Jimmy Savile's sickening hospital abuse detailed in report

In this photo illustration, an advert informing victims how to claim for compensation if they were sexually abused by broadcaster Jimmy Savile is seen in a newspaper on April 22, 2014 in London, England. One of Britain's biggest TV stars in the 1970s and 1980s, Jimmy Savile died before the sex abuse allegations came to light. He is alleged to have abused people on BBC and NHS properties. (Peter Macdiarmid, Getty Images)
In this photo illustration, an advert informing victims how to claim for compensation if they were sexually abused by broadcaster Jimmy Savile is seen in a newspaper on April 22, 2014 in London, England. One of Britain's biggest TV stars in the 1970s and 1980s, Jimmy Savile died before the sex abuse allegations came to light. He is alleged to have abused people on BBC and NHS properties. (Peter Macdiarmid, Getty Images)
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Updated: 6/26 1:01 pm

Jimmy Savile sexually assaulted victims aged between five and 75 and "interfered" with dead bodies, according to a report into his sickening campaign of abuse at hospitals across the U.K.

The DJ and BBC broadcaster was unmasked as a serial paedophile following his death in 2011, with a police investigation uncovering more than 450 cases of sexual abuse.

Savile is also alleged to have molested male and female patients after being given access to hospital wards and mental health facilities in England.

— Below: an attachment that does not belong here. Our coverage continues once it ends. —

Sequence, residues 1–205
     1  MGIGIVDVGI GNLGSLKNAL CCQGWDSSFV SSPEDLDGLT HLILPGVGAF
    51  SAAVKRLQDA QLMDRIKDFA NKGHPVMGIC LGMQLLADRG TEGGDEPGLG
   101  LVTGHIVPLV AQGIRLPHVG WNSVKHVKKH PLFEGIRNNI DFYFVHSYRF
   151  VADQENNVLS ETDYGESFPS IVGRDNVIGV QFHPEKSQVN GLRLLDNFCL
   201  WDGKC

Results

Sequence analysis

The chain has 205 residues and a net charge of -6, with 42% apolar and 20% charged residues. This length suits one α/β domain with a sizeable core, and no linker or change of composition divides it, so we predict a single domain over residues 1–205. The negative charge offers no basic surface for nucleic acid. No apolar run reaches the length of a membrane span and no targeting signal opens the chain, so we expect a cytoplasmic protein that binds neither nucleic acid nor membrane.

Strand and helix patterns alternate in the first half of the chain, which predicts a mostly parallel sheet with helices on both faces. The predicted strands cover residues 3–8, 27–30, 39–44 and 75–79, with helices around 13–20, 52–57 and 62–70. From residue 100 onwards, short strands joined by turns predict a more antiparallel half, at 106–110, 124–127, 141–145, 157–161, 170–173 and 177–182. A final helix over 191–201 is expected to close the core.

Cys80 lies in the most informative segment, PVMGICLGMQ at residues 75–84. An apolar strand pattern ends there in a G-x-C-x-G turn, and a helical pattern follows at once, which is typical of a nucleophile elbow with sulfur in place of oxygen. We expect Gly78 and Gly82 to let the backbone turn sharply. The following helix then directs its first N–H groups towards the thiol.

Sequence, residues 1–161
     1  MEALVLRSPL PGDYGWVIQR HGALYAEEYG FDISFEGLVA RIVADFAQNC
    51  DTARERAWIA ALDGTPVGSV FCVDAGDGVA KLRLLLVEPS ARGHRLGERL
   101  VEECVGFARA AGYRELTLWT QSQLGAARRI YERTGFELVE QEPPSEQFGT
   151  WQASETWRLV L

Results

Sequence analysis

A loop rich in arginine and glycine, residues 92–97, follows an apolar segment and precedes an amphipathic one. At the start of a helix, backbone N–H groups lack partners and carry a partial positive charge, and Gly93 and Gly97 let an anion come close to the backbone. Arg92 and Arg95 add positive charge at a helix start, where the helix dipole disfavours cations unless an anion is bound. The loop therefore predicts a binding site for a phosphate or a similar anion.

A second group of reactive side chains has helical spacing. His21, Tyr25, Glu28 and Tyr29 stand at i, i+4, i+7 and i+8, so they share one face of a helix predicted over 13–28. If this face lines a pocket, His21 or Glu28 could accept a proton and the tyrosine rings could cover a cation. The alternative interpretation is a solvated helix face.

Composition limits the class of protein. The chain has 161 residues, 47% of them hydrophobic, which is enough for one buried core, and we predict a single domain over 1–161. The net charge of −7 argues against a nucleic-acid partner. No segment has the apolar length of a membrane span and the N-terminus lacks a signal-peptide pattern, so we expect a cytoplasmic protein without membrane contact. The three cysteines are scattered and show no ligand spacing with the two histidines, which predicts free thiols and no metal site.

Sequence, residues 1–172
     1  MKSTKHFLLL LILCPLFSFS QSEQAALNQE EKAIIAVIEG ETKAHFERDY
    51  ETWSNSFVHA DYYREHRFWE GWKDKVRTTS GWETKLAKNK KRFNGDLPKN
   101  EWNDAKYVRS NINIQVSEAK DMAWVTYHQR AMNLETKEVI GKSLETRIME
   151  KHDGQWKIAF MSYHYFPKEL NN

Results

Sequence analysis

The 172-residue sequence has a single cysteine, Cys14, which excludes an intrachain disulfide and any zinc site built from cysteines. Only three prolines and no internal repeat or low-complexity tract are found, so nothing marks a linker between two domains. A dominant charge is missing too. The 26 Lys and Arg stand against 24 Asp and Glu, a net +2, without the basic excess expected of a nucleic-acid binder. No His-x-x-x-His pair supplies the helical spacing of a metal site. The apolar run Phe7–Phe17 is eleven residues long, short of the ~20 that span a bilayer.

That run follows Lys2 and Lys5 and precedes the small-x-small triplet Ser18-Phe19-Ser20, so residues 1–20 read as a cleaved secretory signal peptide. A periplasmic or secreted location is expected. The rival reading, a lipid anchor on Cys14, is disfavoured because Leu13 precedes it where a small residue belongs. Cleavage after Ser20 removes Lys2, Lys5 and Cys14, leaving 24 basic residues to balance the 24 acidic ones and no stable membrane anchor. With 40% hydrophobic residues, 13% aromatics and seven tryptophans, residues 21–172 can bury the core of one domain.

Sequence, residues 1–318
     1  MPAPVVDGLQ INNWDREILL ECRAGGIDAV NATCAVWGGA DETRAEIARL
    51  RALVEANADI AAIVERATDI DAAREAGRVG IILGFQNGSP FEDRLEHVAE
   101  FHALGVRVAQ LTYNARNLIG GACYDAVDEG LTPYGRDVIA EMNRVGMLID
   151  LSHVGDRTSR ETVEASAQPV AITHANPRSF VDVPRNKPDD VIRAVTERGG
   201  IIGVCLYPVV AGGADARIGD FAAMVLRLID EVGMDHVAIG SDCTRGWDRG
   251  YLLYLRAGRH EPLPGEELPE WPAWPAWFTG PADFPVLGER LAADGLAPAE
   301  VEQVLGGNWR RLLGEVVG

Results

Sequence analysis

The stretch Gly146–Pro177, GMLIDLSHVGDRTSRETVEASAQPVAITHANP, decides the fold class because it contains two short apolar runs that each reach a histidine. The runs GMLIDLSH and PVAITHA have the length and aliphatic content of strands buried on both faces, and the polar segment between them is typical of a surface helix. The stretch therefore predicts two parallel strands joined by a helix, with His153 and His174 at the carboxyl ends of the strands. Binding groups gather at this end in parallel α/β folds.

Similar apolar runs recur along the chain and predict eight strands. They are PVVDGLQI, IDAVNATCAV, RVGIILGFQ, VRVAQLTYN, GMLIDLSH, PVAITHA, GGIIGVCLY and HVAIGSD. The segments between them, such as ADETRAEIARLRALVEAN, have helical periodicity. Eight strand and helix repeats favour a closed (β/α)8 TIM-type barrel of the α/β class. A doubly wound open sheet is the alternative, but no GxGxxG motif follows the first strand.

An independent investigation into incidents across 28 National Health Service (NHS) hospitals has now found that at Leeds General Infirmary in the north of England, he abused 60 people, ranging from children to pensioners, 33 of whom were patients.

Incidents ranged from lewd remarks and inappropriate touching to sexual assault, as well as three allegations of rape.

The first accusation of abuse stems back to 1960, when Savile was in his 30s, to as recently as 2009, when he was in his 80s.

An investigator on the panel, which faced the press in London on Thursday, also repeated "incredibly disturbing" claims that Savile is suspected to have interfered with dead bodies in the morgue at Leeds General Infirmary while acting as a volunteer porter in the 1980s.

Julian Hartley, chief executive of Leeds Teaching Hospitals, said, "This is a profoundly shocking report in which for the first time we are able to gain a clear picture of the abuse perpetrated by Jimmy Savile during his involvement with our hospitals in Leeds, in particular the Leeds General Infirmary, which started in 1962 and continued through to late 2000s."

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